Scientists Predict COVID-19 Will Become An Endemic Virus. Here's What That Means

The scientific study of viral diseases has existed since the 19th century (via Mandell, Douglas, and Bennett's Principles and Practice of Infectious Diseases). As a significant source of disease mortality rates across the globe, viral infections have changed the course of history throughout time and continue to do so. The COVID-19 virus is among those making history, as it continues to impact populations worldwide.

The spread of infectious diseases can go through different stages. According to Physiopedia, viral infections can be classified as endemic or present permanently in a region or population. They may then progress to an epidemic, in which the virus spreads quickly throughout multiple communities, often due to an agent mutation such as the flu. Lastly, when the spread of a virus is classified as a pandemic, it has spread over several continents, has infected large numbers of a population, has a high death toll, and often results in social unrest or economic loss within society.

Since the onset of the pandemic, we've seen the nature of COVID-19 shift and mutate, producing new infectious variants such as the Delta and Omicron variants. As experts continue to monitor the progression of the virus, scientists now believe that the virus may eventually shift into an endemic virus (via CNN).

How winter will impact COVID-19 seasonality

With the anticipation of a rise in COVID-19 cases during the end-of-the-year holiday season, scientists believe this demonstrates the potential for the virus to eventually downgrade from a pandemic to a seasonal endemic (via CNN). While the virus won't be completely eradicated, its presence in society will be similar to that of the flu, with peaks of cases occurring most likely during the winter season, as outlined in a recently published Nature Computational Science 2021 study that describes COVID-19 as a "seasonal low-temperature infection."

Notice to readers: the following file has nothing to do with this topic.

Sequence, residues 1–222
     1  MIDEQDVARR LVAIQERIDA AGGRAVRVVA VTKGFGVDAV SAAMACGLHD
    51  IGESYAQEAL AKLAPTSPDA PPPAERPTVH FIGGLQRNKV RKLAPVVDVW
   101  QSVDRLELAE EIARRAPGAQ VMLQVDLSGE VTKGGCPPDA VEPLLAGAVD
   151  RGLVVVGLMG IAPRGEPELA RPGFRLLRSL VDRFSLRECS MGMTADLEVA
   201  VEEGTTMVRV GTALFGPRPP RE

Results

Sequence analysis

With over 120,000 new cases currently being reported daily in the United States, these numbers illustrate an increase in wintertime cases when compared to data reported during the summertime, according to CNN. Professor and former dean of the University of Pittsburgh Graduate School of Public Health Dr. Donald Burke elaborates, stating, "Our modeling of this suggests that the rhythm of the future epidemics will be seasonal, but that the amplitude may vary from year to year or time to time. There will always be this underlying seasonal rhythm, being with an extra half-beat in the South, but certainly the northern wave in the wintertime."

Dr. Burke goes on to say that this seasonality is unlikely to follow a finite pattern, stating that outside factors such as vaccination rates or the emergence of a new variant will impact the magnitude of the surge. Despite this, experts believe that the basic "ebb and flow" nature of the virus will eventually remain.